Development Policy Centre Discussion Paper No. 86
In May 2019, the Minister for Lands convened a National Land Summit in Port Moresby to review the implementation of the National Land Development Program over the course of the past decade. Much of the discussion at this meeting was concerned with the incorporation of customary land groups and the voluntary registration of their collective land titles under legislation that was passed by the National Parliament in 2009 but did not take effect until 2012. Participants in the summit thought that the implementation of this legislation had not proven to be an effective way of ‘mobilising customary land for development’. This paper seeks to explain why the new legal and institutional regime has failed to live up to the expectations of the policymakers who were instrumental in its establishment. An initial examination of the rationale behind the legislation is followed by an examination of published evidence relating to its implementation in different parts of the country, including case studies of areas where the evidence serves to illuminate the motivations of the actors involved in the process of incorporation and registration. The paper concludes with some reflections on the lessons to be learnt from this experiment in policy reform.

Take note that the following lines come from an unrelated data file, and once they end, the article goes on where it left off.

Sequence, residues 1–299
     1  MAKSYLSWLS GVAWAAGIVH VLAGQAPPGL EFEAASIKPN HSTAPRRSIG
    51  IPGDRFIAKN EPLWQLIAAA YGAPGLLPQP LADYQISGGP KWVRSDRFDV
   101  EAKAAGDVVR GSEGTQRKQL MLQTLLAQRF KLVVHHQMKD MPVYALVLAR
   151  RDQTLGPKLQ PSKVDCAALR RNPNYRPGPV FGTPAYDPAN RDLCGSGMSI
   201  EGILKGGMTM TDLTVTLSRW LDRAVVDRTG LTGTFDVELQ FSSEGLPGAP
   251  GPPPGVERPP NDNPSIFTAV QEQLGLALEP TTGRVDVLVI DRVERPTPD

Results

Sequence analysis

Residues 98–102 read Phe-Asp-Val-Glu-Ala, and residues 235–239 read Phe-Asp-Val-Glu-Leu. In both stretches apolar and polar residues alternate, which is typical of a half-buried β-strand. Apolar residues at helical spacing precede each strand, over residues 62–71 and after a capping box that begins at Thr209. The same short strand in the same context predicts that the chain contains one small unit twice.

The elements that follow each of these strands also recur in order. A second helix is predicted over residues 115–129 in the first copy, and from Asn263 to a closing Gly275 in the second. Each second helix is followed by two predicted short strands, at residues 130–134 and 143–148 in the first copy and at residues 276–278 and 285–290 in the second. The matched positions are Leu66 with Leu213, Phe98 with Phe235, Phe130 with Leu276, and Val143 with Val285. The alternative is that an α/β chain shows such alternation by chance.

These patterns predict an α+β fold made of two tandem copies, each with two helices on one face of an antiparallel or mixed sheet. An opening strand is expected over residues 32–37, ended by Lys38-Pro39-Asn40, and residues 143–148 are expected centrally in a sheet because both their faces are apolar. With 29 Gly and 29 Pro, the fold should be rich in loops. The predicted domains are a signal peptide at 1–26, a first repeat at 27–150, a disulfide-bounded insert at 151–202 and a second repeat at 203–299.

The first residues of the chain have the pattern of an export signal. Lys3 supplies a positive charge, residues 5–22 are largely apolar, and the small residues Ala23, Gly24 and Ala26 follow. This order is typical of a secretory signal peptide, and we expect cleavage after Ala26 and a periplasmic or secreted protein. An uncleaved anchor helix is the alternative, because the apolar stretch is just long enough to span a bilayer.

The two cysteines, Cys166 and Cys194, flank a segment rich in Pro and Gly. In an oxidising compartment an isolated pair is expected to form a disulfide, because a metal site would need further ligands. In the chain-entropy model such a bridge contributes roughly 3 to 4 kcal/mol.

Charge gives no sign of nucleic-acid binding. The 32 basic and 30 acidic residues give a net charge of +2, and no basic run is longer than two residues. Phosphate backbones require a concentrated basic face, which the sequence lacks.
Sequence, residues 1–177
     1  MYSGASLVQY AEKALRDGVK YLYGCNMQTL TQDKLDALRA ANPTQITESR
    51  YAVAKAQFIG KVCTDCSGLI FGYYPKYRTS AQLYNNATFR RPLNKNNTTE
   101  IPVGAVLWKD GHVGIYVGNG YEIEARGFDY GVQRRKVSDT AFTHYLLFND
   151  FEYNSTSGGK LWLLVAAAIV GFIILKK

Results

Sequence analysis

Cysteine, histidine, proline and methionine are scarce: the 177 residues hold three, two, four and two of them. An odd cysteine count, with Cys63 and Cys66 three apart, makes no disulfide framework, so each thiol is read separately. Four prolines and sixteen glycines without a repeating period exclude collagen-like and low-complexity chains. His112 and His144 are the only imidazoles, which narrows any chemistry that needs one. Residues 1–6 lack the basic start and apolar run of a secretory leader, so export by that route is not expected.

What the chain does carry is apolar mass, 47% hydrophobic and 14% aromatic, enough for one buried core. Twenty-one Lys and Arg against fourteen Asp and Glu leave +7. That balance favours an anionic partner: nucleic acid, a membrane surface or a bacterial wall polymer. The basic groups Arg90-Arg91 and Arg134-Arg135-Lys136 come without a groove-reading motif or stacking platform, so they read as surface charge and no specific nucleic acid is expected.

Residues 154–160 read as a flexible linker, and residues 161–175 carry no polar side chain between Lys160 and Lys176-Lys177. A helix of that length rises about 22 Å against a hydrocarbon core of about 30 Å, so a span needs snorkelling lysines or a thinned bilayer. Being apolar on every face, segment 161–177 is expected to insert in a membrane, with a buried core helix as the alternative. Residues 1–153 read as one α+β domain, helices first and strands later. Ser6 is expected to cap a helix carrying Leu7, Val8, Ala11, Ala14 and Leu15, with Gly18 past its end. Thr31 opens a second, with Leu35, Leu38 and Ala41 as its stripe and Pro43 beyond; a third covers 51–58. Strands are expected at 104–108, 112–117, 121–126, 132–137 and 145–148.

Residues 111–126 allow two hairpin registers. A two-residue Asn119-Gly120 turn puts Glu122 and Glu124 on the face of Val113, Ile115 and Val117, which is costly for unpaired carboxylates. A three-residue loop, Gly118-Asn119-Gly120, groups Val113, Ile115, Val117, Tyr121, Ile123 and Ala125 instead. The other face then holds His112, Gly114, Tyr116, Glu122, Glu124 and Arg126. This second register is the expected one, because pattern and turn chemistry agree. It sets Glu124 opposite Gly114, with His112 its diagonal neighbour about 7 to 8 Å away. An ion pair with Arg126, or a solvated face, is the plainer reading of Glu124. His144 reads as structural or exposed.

Filer, C. 2019, ‘Two steps forward, two steps back: the mobilisation of customary land in Papua New Guinea’, Discussion Paper No. 86, Development Policy Centre, Crawford School of Public Policy, Australian National University, Canberra.